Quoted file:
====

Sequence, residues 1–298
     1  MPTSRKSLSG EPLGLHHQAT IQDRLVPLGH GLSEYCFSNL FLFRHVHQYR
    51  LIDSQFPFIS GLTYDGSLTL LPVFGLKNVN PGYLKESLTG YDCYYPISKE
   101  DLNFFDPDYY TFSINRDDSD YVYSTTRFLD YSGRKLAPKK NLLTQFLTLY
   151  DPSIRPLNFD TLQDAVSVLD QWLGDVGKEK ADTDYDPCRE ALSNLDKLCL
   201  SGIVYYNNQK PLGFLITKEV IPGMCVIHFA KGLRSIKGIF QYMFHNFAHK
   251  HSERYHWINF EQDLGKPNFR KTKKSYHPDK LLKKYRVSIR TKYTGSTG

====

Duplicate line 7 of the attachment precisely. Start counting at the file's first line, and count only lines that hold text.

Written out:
   251  HSERYHWINF EQDLGKPNFR KTKKSYHPDK LLKKYRVSIR TKYTGSTG